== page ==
During the discussion, the moderator of the session, Alexey Chekunov (General Director of the Foundation for Development of the Far East and the Baikal Region), raised a problem topic for the forest industry: the problem of increasing “axle load.” A number of speakers asked to remove limitations of axle loads at least in the winter season so as to increase the intensity of transportation. However, the President of Segezha Group said that for single transport units the problem was not as significant as it would be for the total weight of the articulated truck. This important issue has been recently discussed in detail with the Government of the Republic of Karelia. The consolidated opinion is that trucks moving on the roads one after another, do not create excessive load on the roadway, unlike the loads that trains put on bridges. The company has agreed to cooperate with regional authorities in order to reinforce the bearing structures of bridges so that they could meet the required parameters.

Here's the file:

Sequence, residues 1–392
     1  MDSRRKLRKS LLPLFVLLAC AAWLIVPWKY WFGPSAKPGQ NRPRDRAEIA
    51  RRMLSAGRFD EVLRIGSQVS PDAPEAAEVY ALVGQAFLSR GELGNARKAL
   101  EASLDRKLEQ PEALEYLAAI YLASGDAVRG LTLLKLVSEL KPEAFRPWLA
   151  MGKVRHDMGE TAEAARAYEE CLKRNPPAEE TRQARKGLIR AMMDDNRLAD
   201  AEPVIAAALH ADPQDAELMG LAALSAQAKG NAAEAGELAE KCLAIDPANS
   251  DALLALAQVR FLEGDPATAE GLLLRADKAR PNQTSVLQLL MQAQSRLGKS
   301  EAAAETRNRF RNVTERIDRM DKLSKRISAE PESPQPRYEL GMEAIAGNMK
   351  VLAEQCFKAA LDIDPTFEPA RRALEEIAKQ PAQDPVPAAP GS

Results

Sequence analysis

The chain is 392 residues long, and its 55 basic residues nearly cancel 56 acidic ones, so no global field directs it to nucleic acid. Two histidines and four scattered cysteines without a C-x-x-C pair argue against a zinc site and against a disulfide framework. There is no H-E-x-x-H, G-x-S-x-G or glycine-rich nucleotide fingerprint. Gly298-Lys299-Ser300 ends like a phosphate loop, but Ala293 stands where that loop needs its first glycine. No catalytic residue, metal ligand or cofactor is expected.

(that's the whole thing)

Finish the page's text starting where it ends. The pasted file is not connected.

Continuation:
Other speakers at the session included: Dmitry Valtfogel – General Director of RFP Group LLC, Maxim Duz – Deputy General Director of ANPO “Far-Eastern Agency for Investment Promotion and Export Support”, Mikhail Klinov – Acting Head of the Federal Forestry Agency, Alexander Osipov – Acting Governor of Zabaikalsky Krai, Igor Prutov – Partner of EY Company, Alexey Ryzhikov – Managing Director of the St. Petersburg International Commodity and Raw Materials Exchange, Vladimir Sitnov – Senior Vice President of Sberbank PJSC, and a number of other top managers.For information, during the planned negotiations between the President of Segezha Group and leading banking institutions (Sberbank, Rosbank, MKB, and Societe Generale) regarding financing of the company's current investment projects, as well as during the negotiations with the Russian Export Center on provision of a range of state support measures, representatives of financial and foreign trade circles supported Mikhail Shamolin's position regarding the main direction of a probable breakthrough in the development of the wood industry of the Russian Federation, which he articulated at the session entitled “From Raw Materials to Deep Processing: How Will the Forest Industry of the Far East Develop.” Taking part in negotiations was Nikolay Ivanov, the company’s Managing Director for Implementation of State Development Programs and Forest Policy.